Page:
Carlin and Love’s paper ‘Political Competition, Partisanship and Interpersonal Trust in Electoral Democracies’ discusses the way in which democracies create a system within which conflict can be regulated in a non-destructive by functioning on trust. However, due to the inherent size of these democratic systems, and the fact that they split up populations across a spectrum of larger factions, trust tends to build more easily within factions while mistrust grows between the factions themselves. They focus specifically on a variety of political systems, and whether there are any unique qualities to those systems that create larger degrees of partisanship between factions. Their key question seems to be: how does this observed interaction between partisanship and trust affect how democracy functions? For their method they attempted to synthesize research done on trust games, as well as a more specific assessment of a single political event, America’s reaction to the Osama Bin Laden killing in 2009.
Due to my lack of experience with high level psychology papers, I actually found the background section very informative, despite how dense it seemed at first. Particularly the section discussing how political psychologists weigh most political decisions made by people as being done in a low-information environment. This is something explained very clearly that I was able to bring into my own observations on how politics tend to function on the level of most voters, and even myself at times. It also brought me to understand something else about how the paper was structured. No doubt because it was meant for an audience already familiar with many of these concepts they didn’t delve into citing much evidence for these claims, the annotations and fact that someone else had already done this research in depth was enough. But, for myself to be able to engage myself in this research paper, I would probably have to go back to their sources to build my own understanding of them.
Another aspect of the paper’s style, that I found fascinating, was how much of an effect institutional style must have on accessibility. I didn’t find any aspect of the paper that hard to understand, but the language it used could have easily made in inaccessible or frustrating to many. For example the sentence: ‘As a corollary, does partisan trust discrimination hew to changes in the salience of intergroup competition?’ I understand the dogmatic maintenance of terminology within a discipline, it is what allows for them to grow consistently within a literature. It is, for example, one of the biggest issues in philosophy, where every philosopher seems to want to build concepts and terminologies from the ground up, despite the fact that they are often similar or identical to that of their predecessors. Despite my appreciation for the artistic flair of writing ‘if partisan trust discrimination hews to changes,’ I also wonder about the efficacy of writing this way when such studies and information should probably be made accessible to the very same ‘low-information’ audience that it could be educating. I know that they are aware of their own audience, and writing to a very specific one, but these choices narrow that audience even further. After all, they put great effort into making their methodological choices clear, why not do the same for their prose as well? These stylistic choices, across an entire discipline have the cumulative effect of intimidation for many of the same people it could be helping. Maybe that work needs to be left to the more populist writers that synthesize these studies for mass consumption, but there’s something to be said for the fact that I have many very intelligent friends whose eyes would glaze over trying to parse this paper.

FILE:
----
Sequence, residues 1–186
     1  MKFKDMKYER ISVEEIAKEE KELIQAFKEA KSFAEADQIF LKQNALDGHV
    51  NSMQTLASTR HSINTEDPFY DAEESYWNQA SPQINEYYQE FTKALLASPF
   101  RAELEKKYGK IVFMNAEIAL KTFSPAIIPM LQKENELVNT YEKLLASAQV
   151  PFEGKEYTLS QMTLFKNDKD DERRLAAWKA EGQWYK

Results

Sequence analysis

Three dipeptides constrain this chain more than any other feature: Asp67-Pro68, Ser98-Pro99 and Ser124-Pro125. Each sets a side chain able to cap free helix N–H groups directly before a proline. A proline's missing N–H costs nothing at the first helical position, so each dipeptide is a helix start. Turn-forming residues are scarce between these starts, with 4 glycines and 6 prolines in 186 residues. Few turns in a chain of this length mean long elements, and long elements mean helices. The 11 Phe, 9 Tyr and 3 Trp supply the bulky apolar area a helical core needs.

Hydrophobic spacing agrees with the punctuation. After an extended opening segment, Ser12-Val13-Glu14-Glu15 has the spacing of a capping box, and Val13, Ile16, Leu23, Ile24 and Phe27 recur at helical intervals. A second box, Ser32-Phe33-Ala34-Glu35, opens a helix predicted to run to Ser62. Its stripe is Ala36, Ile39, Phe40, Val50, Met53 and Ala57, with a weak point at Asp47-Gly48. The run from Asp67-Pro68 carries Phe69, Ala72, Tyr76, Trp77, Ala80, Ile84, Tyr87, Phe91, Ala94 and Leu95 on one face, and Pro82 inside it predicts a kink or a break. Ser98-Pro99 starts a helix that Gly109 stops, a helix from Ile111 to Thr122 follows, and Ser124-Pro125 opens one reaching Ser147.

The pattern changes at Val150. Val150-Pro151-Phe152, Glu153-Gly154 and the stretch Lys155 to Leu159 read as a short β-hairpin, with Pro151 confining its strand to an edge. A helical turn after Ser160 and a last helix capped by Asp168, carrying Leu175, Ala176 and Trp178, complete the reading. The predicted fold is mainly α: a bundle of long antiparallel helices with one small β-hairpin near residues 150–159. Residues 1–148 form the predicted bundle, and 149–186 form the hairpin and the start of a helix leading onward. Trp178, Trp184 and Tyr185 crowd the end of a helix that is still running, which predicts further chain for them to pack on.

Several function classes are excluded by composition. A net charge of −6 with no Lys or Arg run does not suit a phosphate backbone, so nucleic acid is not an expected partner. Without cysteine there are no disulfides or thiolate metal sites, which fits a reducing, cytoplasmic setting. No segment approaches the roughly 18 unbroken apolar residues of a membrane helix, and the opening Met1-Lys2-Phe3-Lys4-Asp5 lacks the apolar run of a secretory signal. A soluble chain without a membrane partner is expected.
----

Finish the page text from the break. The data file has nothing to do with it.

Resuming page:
In the paper I also appreciated the discussions on the various political systems they studied, to account for the socio-economic differences between the various countries. At first I believed that this would be the biggest hurdle for the study to overcome, particularly in attempting to analyze the research done in South Africa, and the shadow that apartheid’s history cast over that political system. However, it was interesting to learn that not only did they account for it, but it was a highly useful and integrated aspect of the study, that reinforced their initial theories. They were so successful, in fact, that I hope that their study is more often replicated, because it seems like a highly useful barometer for political climates in general, and a useful tool to wade through the latest paradigm of high information density politics that the digital era has brought on. It would also be interesting to read about these theories applied to different historical eras, such as the Great Depression in 1930s America or the French Revolution.